Universal package specification
e.gorodinsky at gmail.com
Sun Nov 29 12:01:19 PST 2009
Sorry, accidentally pressed send...
2009/11/29 <madduck at madduck.net>:
> Yes, in some ways that would be nice, but there'd be disadvantages.
> First of all, as I just wrote, dependence on commercial players
> would shrink, so don't expect much support from them. Second, the
> one-size-fits-all distro just doesn't exist. Debian calls itself
> "universal", and it probably gets closest to being a distro that can
> be used on the desktop as well as a high-security server, but the
> split is already pretty big.
That is why I'm saying the package format and libraries should be
standardised and everything else should be left alone. I do not
believe in one-size-fits all.
> However, Fedora and Debian could collaborate and use the same DVCS
> repository for any given package. This is what we are trying to
> achieve over at vcs-pkg.org: there's a set of common branches, a set
> of feature branches which I can cherry-pick if I want a given
> feature for my distro, and a set of distro-specific branches. Then
> we all build our binaries out of the same repository, binaries
> specifically assembled for the distro's use-case, at the same
> time as redundancy is minimised because all binaries stem from more
> or less the same source.
> Software product lines across distributions. How awesome.
Sounds interesting. I'll have to look into it closer. Actually it
almost sounds like the holy grail of package management...
> You might want to read up on the discussion around binary
> compatibility between Debian and Ubuntu to get a feeling of the
> level of collaboration/standardisation/synchronicity required for
> what you are trying to achieve. Synchronicity is what caused Debian
> and Ubuntu, two very close relatives, to be binary *in*compatible:
> Debian moved too slow for Ubuntu, and Ubuntu moved too fast for
> Debian. You could call us lazy and them innovative, you could say
> we're volunteers and they are paid workers, or — and this is the
> only real reason I think — you could acknowledge that Debian focuses
> a lot more on stability and Ubuntu on the cutting edge, and you
> cannot bridge that gap indefinitely and universally.
The focus on stability is a good idea, I think. However, sometimes you
want a stable base along with certain cutting edge applications.
Thanks for pointing me to the discussion on binary incompatibility.
>> I'm not touting this as an advantage, it simply seems logical to
>> do this if you want to conserve space/bandwidth.
> Debian Packages files are indices, and they contain all the
> information because only then are you able to search the indices.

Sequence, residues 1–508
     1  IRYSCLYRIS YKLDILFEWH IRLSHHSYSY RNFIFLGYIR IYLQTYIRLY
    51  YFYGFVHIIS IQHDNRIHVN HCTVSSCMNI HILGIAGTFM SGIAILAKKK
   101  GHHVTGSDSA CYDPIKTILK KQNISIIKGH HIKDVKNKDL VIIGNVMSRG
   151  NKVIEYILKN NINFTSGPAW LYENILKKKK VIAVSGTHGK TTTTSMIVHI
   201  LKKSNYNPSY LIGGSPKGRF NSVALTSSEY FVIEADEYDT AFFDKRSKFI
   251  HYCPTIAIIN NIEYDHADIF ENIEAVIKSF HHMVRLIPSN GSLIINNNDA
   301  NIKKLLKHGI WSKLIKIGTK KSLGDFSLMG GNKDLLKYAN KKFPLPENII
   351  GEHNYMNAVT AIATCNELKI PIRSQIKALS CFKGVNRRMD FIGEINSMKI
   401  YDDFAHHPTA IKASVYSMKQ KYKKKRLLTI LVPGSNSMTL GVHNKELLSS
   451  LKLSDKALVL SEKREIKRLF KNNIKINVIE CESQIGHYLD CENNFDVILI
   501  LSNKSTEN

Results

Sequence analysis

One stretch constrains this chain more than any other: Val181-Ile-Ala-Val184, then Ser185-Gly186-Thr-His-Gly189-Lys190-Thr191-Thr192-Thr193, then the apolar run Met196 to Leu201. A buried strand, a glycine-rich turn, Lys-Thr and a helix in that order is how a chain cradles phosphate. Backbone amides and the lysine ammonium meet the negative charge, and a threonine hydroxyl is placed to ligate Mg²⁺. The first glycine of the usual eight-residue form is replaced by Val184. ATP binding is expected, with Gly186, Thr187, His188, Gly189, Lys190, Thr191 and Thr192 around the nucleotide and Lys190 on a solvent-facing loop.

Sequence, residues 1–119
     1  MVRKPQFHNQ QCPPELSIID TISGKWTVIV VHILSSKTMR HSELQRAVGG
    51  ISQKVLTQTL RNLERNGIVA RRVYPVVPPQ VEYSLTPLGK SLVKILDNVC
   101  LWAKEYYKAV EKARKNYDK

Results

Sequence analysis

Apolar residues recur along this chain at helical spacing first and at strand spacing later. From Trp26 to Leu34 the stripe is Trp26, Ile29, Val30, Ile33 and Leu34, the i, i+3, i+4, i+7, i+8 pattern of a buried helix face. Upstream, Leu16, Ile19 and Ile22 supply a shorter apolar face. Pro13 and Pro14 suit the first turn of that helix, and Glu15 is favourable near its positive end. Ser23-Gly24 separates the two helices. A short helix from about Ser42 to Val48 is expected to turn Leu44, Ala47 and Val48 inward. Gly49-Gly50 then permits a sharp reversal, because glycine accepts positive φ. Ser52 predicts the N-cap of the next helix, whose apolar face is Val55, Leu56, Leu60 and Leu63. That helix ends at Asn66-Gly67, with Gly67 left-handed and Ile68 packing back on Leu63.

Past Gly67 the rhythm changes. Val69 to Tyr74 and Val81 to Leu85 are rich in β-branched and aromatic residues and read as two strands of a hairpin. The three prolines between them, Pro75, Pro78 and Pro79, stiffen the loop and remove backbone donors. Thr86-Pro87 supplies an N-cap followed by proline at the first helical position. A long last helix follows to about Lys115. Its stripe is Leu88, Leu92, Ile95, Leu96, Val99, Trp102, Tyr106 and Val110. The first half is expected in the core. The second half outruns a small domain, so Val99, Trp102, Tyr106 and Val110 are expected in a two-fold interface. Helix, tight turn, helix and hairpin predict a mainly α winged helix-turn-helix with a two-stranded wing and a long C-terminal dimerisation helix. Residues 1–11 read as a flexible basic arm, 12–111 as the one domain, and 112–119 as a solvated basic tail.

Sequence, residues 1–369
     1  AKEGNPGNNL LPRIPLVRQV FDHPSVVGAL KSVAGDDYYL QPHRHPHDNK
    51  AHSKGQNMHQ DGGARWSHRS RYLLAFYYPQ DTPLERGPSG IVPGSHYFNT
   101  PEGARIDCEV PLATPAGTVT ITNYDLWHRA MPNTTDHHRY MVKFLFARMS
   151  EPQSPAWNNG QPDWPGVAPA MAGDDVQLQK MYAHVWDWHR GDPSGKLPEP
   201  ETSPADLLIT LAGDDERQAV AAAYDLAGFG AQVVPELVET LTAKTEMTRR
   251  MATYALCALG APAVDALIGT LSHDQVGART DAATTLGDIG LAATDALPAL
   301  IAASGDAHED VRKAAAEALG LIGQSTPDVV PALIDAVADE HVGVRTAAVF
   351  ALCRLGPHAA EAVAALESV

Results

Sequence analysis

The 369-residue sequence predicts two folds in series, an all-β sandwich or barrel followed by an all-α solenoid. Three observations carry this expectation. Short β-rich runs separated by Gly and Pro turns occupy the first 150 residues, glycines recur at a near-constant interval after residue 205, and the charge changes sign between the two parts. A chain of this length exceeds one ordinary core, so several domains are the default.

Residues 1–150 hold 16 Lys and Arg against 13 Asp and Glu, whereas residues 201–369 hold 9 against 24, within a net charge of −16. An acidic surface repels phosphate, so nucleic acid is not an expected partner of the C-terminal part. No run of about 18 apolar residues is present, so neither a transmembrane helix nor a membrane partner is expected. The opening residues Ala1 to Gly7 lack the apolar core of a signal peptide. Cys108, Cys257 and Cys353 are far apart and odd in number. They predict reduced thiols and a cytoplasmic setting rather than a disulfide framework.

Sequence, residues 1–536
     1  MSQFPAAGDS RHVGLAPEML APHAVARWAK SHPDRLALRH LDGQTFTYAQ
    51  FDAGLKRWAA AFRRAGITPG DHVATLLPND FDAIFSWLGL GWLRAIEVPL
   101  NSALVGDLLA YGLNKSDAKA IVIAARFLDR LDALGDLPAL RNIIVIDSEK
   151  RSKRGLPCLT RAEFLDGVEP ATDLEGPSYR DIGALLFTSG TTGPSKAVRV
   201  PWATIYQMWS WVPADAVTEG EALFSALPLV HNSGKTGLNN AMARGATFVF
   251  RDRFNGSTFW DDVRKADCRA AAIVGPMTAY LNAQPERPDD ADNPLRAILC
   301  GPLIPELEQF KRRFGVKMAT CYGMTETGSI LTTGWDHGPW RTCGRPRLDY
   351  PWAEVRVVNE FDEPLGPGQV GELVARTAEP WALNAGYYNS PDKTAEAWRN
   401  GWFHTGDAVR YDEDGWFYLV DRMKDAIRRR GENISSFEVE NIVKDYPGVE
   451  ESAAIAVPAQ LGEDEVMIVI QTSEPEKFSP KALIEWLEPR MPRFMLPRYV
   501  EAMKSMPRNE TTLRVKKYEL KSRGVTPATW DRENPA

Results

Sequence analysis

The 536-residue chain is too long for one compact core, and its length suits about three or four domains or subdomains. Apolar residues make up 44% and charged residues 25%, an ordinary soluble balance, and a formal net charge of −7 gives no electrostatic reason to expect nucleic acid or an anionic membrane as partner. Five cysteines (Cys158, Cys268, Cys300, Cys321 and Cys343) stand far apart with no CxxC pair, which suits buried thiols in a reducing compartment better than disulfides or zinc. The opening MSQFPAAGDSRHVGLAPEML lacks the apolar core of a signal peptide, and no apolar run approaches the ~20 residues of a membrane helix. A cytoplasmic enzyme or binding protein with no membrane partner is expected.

> Therefore, if you want to avoid having to download all packages to
> be able to search across them, you need this index.
> Also, APT needs the meta data to resolve dependencies.
> To remove redundancy, you'd have to remove the metadata from the
> binary packages. That's surely doable, but would also mean that
> a single .deb file would become useless: you could not obtain meta
> data from it, and in particular, dpkg could not enforce policy and
> prevent installation of packages with unresolved dependencies.
Yes, a single deb file would indeed become useless, but if the package
has non-executable files it's usually split into two packages so it's
kind of useless to have just one anyway. This is why I don't think the
approach of having metainformation stored per-package is any good.
Plus, if you want to let users be able to simply download using a
browser and double-click a package to install it, you can create an
"additional" format which would basically be a .tar that contains all
the needed packages. Installing it would be the same as extracting all
files into a temporary directory and then feeding the manifest to the
package manager. It's also not cpu-intensive to create these tar
archives on the fly, which would save storage space on the
> I am sorry if I sound discouraging. I may well be wrong and you
> should not use my thoughts over yours. I do think there are better
> uses of time and energy, and some are even on the way to the
> universal package, e.g. the LSB and vcs-pkg.org. Maybe it would pay
> off to have a look there to see if you can find a way to approach
> your ideas in a more bottom-up fashion?
On the contrary: I've posted my idea here because I want to know what
the problems are in package management. And thanks, I definitely will
have a look at vcs-pkg.org
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